Neuroception is a subconscious process that occurs in our brain and acts as our internal bodily ‘security guard’². It gets our body ready to fight off or run away from dangerous situations. Porges explains that neuroception happens automatically on a subconscious level. The reason this process happens automatically is because it is triggered by our autonomic nervous system (ANS).

The ANS is responsible for regulating automatic bodily functions like digestion, blood pressure, heart rate, and breathing³. When we see an aggressive dog, our ANS has already started increasing our blood pressure and heart rate to pump blood to our legs to run – without us realising!

However, sometimes our neuroception is hypersensitive, and puts our body in a dorsal vagal or sympathetic state even when we are in a safe environment⁴. Signs of this include feeling jumpy, irritable, anxiety, brain fog, and easily overwhelmed. There are many possible reasons for hypersensitive neuroception, including genetics, a prolonged stressful work environment, childhood trauma, and executive function (EF) challenges⁵.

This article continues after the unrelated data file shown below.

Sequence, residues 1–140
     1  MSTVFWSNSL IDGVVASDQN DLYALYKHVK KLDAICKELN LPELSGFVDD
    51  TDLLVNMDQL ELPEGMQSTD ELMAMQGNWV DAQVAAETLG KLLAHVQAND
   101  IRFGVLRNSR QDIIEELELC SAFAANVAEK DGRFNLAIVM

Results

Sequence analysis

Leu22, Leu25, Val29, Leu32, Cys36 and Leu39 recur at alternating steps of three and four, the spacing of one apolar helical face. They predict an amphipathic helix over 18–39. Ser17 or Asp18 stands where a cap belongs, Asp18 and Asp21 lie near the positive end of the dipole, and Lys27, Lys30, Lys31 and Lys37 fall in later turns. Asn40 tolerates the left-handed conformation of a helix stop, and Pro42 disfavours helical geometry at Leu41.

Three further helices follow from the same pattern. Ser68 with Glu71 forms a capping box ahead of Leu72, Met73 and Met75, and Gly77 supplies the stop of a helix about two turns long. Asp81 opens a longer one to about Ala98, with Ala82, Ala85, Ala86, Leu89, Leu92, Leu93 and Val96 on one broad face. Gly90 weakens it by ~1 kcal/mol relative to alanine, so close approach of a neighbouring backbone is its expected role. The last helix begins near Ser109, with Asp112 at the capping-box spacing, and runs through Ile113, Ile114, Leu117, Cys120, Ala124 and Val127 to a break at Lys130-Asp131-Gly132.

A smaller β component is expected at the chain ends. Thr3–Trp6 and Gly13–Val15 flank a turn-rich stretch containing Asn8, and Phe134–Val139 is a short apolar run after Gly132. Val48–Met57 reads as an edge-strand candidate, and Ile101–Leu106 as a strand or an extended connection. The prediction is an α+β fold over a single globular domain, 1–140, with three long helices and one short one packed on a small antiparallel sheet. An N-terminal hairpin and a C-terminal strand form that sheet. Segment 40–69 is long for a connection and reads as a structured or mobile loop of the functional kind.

Neuroception and emotional regulation

Every person has a unique (EF) profile, and so we all have different responses to a single outside stimulus. One EF challenge that is often connected to neurodiversity is difficulty with regulating emotions. This emotional dysregulation causes a heightened sensitivity to environmental stimuli and social situations. This means that attending a big house party or presenting in front of colleagues that might seem only a little stressful for one person, can trigger a far greater fight-flight-freeze response in someone with EF challenges⁶.